With the UK government applying unpopular spending cuts left, right and centre to rein in the deficit, it is essential that it also does everything it can to raise revenue in other ways. Taxation
With the UK government applying unpopular spending cuts left, right and centre to rein in the deficit, it is essential that it also does everything it can to raise revenue in other ways. Taxation is the key source of revenue, but while the government has implemented some tax rises and may have to announce more in the future, it cannot rely on these alone. Its crackdown on tax evasion and efforts to collect previously unpaid tax are crucial and will intensify.
A HM Treasury Press release on 20th September confirmed that it is making new funding available for ?
??A more robust criminal deterrent against tax evasion ? HMRC will increase the number of criminal prosecutions fivefold
?A crackdown on offshore evasion with the creation of a new dedicated team of investigators to catch those hiding money offshore?
This new unit has a large database on potential offshore tax evaders to work with, built up over the recent years by various HM Revenue & Customs (HMRC) initiatives.
In 2007, prior to its first tax ?amnesty?, the Offshore Disclosure Facility, it had forced the five main high street banks to disclose confidential information on their clients? offshore accounts.
Last year HMRC served notices to 308 UK and foreign banks to disclose all information on offshore accounts. This included UK institutions with offshore branches plus foreign banks with UK customers, including several institutions with operations in Switzerland. Financial institutions have been handing over information on both individuals and companies going back six years.
This was followed by the New Disclosure Opportunity and the Liechtenstein Disclosure Facility both of which allowed tax evaders to come clean with reduced penalties. The latter has more favourable conditions and runs until March 2015.
HMRC could also obtain information from other countries on British taxpayers who may not be declaring their offshore assets. Tax authorities around the world are now cooperating with each other and sharing information through Tax Information Exchange Agreements and Double Tax Agreements. This includes offshore financial centres which used to be considered as ?tax havens?.
Countries like the UK, Germany and the US have also shown that they are willing to pay for information ? and to share it with each other.
In 2006/07 an employee of HSBC Geneva stole confidential data on account holders, which he later passed on to the French tax authorities. It is believed that France passed on names of suspected tax evaders to other European countries, including the UK and Spain.
In June 2010 the Spanish government said it had received details of around 3,000 Swiss bank accounts owned by Spanish taxpayers and had started to investigate them.
Then at the end of September HMRC announced that it is investigating over 200 ?extremely wealthy? taxpayers suspected of failing to declaring their HSBC Switzerland banks deposits. The tax evasion is understood to amount to ?many millions of pounds?.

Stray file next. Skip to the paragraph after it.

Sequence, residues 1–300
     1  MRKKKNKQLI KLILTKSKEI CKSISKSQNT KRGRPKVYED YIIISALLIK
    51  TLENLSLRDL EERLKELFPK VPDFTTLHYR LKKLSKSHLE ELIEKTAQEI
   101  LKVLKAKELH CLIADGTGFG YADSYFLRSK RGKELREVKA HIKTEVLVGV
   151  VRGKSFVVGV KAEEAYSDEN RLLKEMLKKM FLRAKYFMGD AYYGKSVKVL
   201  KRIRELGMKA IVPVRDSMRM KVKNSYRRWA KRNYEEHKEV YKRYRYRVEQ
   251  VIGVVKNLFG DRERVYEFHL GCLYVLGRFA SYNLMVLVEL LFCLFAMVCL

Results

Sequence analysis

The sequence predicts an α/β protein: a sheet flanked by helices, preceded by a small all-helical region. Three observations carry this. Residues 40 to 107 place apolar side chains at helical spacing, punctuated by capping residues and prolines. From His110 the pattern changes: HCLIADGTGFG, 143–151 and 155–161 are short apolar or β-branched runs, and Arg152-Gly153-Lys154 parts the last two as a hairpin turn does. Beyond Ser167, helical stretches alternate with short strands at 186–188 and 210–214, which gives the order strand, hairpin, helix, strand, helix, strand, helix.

The tax department has taken the ? so far exceptional ? step of sending them Code of Practice 9 (COP9) letters. These came into force in 2005 and are used for the most serious form of tax inquiry but have rarely been used? until now.
COP9s require the taxpayer to attend a meeting with HMRC, giving them one last chance to make a full disclosure and so avoid prosecution for tax fraud ? though it is not completely ruled out. The aim of the investigation is for HMRC to uncover the full facts, determine the tax liabilities due and collect them along with interest and penalties. The onus is on the taxpayer to prove that they have now come completely clean. They will need to supply an exhaustive amount of supporting evidence to prove they have nothing else to hide.
An HMRC spokesman said: “This is part of our drive against tax evasion. The days of hiding money offshore to evade tax are now over.”
Anyone receiving a COP9 loses the right to come forward voluntarily ? they cannot even use the Liechtenstein Disclosure Facility with its more favourable terms.
As the UK authorities continue to intensify their efforts against offshore tax evasion, and as the new unit searches through the existing database and any new information coming in, it is expected that HMRC will be sending out more and more COP9s in future.
Other recent changes to help HMRC?s efforts include the imposition of more stringent penalties where undisclosed funds are held in jurisdictions which do not exchange information with the UK; the power to publicly name and shame defaulters and increased inspection powers. UK tax inspectors now have police-like powers and can turn up at homes and businesses unannounced to examine their records if they suspect they have underpaid tax.
Taxpayers who have hidden money away offshore and believe the tax authorities will never find them are being proved wrong.
The UK?s hard stance against tax evasion is a reflection of what is happening throughout much of the developed world. It is often still possible to lower your tax liabilities but you should only use arrangements which are fully compliant with the regulations in your country of residence. For reassurance contact a tax and wealth management firm like Blevins Franks for a review of your tax obligations and advice on legitimate tax planning arrangements.
By Bill Blevins, Managing Director, Blevins Franks
21st October 2010